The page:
Crops & Vegetables




Energy Saving Measures for Vegetable Farms in New York State

Vegetables icon

The Crops & Vegetable sector includes single item farms such as onions and potatoes as well as multi-product farms growing vegetables such as tomatoes, peppers, cucumbers, cabbages, green peas, snap beans, squash, sweet corn and more.

Our mission is to provide preliminary information and access to ongoing resources to farmers. This will help them obtain recommendations, and guidance to improve their energy savings and productivity. 

How much energy is used in post-harvest practices for vegetables?

Farms with refrigeration and no packing lines:
% of Annual Electric Use (Range)

  • Lighting 10-30% 30% 30%
  • Ventilation 5-15% 15% 15%
  • Well Pumps 1-6% 6% 6%
  • Compressed Air 1-3% 3% 3%
  • Refrigeration 10-30% 30% 30%

Farms with refrigeration and with packing lines:
% of Annual Electric Use (Range)

  • Lighting 10-30% 30% 30%
  • Ventilation 5-15% 15% 15%
  • Well Pumps 1-6% 6% 6%
  • Compressed Air 1-6% 6% 6%
  • Line Motors 10-30% 30% 30%

Best Practices

The following items are deemed “best practices” for vegetable farms and some may apply to your farm. It is recommended that you also check out the Cross-Farm technologies page where you will find applicable measures multiple farm types, as well as measures relating to lighting, space heating, and preventative maintenance. Explore the subject areas, download fact sheets or skip to the Frequently Asked Questions section below.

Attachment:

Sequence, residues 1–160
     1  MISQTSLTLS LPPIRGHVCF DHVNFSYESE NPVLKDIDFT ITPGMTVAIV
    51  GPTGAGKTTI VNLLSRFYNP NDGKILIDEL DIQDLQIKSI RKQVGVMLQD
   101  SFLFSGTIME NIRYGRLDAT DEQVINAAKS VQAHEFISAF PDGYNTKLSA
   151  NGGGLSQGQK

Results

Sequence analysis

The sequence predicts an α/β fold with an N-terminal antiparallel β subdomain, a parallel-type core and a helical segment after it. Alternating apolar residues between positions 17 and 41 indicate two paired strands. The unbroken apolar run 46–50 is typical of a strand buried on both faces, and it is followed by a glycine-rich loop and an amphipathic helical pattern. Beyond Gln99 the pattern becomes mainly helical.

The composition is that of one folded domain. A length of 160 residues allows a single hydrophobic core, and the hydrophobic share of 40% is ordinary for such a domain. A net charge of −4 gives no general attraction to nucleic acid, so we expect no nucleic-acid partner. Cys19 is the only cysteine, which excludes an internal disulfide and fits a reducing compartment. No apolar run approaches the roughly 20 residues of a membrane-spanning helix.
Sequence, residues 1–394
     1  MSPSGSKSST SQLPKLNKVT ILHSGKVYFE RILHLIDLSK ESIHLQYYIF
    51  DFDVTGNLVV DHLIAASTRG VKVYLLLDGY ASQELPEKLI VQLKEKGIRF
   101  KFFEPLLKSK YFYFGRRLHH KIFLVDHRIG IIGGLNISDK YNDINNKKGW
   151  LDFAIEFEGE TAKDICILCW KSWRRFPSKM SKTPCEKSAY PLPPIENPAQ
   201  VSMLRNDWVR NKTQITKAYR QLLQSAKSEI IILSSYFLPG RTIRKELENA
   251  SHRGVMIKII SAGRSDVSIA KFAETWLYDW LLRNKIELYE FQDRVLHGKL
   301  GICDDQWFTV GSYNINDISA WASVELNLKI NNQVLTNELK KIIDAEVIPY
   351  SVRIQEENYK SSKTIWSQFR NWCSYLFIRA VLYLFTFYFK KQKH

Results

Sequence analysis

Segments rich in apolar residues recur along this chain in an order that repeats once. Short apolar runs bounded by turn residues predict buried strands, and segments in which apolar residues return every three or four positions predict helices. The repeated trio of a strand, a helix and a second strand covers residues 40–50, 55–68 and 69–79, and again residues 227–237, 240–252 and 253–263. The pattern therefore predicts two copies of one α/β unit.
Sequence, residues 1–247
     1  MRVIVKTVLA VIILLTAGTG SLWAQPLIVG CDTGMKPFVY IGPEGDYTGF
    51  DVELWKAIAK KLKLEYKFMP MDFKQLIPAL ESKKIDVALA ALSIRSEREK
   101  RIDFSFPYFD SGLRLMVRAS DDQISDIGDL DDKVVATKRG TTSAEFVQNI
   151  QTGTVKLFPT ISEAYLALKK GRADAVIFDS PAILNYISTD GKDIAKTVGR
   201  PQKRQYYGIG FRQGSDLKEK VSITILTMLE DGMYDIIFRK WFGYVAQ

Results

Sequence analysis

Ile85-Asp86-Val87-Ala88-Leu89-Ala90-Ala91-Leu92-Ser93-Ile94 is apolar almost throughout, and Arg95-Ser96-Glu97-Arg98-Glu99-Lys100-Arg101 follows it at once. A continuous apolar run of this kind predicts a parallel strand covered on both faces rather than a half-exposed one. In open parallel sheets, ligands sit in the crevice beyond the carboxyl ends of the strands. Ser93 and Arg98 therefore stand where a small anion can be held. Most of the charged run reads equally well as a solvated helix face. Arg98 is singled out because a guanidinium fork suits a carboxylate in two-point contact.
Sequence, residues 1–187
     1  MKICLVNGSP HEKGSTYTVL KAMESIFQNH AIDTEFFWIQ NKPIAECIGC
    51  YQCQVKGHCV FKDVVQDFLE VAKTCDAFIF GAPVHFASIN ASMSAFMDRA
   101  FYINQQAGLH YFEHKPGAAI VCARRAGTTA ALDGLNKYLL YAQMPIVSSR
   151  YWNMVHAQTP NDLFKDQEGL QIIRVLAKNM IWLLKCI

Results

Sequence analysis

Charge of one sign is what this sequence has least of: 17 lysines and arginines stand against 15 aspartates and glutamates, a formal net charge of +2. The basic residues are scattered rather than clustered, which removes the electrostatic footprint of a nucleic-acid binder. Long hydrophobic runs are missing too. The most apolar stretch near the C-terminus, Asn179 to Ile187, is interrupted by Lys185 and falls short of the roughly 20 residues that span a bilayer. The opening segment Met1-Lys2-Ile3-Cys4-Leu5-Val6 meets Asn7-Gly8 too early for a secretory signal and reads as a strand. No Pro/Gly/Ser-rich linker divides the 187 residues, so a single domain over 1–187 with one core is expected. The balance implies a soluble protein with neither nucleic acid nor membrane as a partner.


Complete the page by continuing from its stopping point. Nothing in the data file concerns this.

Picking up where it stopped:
Ventilation Fan


You need a good ventilating system that can help you move air in and out of the product storage areas on your farm. But you also need systems that are reliable and will save energy. 

Ventilation Fan


You need a refrigeration system to store produce for a short amount of time until you are ready for distribution. For small or big cooling systems, there is a range of energy efficiency measures that can improve performance and save money.

Frequently Asked Questions

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Can I find advice on residential parts of a farm on this website?

The NYSERDA Agricultural Program does not cover the residential parts of the farm. Still, it does include farm equipment that may be in the home, such as refrigeration and freezers, as well as produce handling. Residential energy advising can be found at the Smart Energy Choices Program page.

What types of cattle farms are generally discussed on this website?

The information on this website is geared towards all scales of cattle farms that can be found in New York  State. Best practices are developed with a focus on small- and medium-scale operations, because larger farms can generally apply the same technologies and approaches at larger scales.

Can I find some advice on on-site power generation on this website?

We do not focus on renewables like solar electric panels and small wind turbines on this website. They are parts of the Farm Energy Audit as farmers should aim at both energy efficiency systems and renewables. When affordable energy efficiency items are installed, they reduce the renewable systems' size and cost, which tend to be much more expensive.